There were many ‘Firsts’ at the 2016 Eurovision Song Contest in Stockholm in May. Firstly, it was the sixty-First show. It was also the First time a non-contestant music artist performed (thank you Mr. Timberlake for Bringing Sexy Back to Eurovision – that’s a First. Oh no it’s not actually, winner Måns Zelmerlöw performed in leather pants last year). And, it was the First time Sweden didn’t win! Jokes, folks. We only win every two years, everybody knows that.
Also on the theme of Firsts, Sweden has many times been predicted to become the First cashless society. Some Swedish merchants don’t accept cash at all, and if you’d ask a Swede where to find the closest ATM, they wouldn’t know where to guide you. Instead they’d probably start talking about Swish and other revolutionary digital payment services that they ‘just cannot live without’.
85% of the young population would pay for something below 1 euro with their card, and the average transaction value drops every year, in 2015 it was as low as 30 euro. But let me tell you something that might come as a shock: Swedes might not be as innovation-savvy when it comes to card payments as they think they are. Up until the sixty-First Eurovision Song Contest, if you asked a Swede how they pay at point of sale, they would look down at their plastic card and with a loving voice answer ‘with chip and pin of course, what else is there?’. Oh dear Swedes, you’re in for a treat. If we’re talking about revolutionary payment solutions this is it. Now there is… Contactless!
The future of payments has finally conquered the North. Contactless will be hitting Swedish soil like a meteorite this year. The majority of the Swedish issuers will launch contactless cards in 2016, and more merchants are upgrading their terminals every week. The NFC-implementation is the stepping stone – at First for mobile payments, but eventually for endless possibilities of ways to pay. With your wrist for example.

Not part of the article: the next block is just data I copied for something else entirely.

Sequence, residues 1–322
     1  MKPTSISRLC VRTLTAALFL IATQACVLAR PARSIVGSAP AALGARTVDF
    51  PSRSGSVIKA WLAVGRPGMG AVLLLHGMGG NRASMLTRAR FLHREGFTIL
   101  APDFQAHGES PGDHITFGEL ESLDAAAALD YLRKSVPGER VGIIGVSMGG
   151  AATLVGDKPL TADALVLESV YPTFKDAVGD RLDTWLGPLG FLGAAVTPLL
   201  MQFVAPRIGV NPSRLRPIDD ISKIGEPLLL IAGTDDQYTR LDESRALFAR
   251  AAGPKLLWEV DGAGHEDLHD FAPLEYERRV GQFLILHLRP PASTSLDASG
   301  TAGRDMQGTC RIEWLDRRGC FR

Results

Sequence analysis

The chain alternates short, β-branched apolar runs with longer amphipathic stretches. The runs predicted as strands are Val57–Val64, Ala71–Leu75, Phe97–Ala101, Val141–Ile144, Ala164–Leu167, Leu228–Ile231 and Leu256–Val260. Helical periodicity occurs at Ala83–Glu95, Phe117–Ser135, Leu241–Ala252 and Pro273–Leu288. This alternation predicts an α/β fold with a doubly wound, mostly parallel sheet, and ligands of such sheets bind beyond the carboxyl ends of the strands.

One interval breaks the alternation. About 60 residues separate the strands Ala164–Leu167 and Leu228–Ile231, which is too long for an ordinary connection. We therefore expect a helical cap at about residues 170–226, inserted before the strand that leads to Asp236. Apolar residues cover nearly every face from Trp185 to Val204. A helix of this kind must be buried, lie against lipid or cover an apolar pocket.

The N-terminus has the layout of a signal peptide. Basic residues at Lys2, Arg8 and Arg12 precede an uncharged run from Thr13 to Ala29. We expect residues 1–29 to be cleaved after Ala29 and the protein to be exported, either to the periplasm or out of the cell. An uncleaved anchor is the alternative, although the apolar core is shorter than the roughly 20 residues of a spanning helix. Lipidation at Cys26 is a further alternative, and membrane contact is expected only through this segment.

Introducing contactless wristbands as part of the Eurovision sponsorship and Visa contactless launch in Sweden, consumers started exercising the ‘touch-and-go’ payment technique during the music festival. The First Eurovision limited edition Visa contactless wristband can be used for payments at all merchants world-wide accepting contactless payments with Visa, until 31st October 2016.
So, thanks to Visa and our Eurovision Song Contest partners, many Swedes can now pay contactless for the First time. And between you and me, they seem to like the speed and convenience of it. Still a little hesitant sometimes, but fair enough, Swedes have had a very long and deep history with chip and pin. Actually, on average we use our cards three times more often than our fellow Europeans.
In summary then, Contactless payments and the Eurovision Song Contest turned out to be a great combination. Although the Eurovision Song Contest is over, the contactless momentum is still spreading fast and wide across Sweden. Stay tuned to Visa Vision for more First updates from Sweden.